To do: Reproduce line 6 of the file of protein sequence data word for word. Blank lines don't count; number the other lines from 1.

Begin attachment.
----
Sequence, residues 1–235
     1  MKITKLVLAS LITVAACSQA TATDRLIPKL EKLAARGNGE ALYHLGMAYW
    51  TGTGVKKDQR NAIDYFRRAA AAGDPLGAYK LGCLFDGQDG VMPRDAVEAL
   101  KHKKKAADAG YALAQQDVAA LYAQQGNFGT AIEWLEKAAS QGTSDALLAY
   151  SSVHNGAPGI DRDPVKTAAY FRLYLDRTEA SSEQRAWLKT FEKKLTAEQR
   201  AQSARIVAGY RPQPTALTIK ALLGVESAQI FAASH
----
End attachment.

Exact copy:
   201  AQSARIVAGY RPQPTALTIK ALLGVESAQI FAASH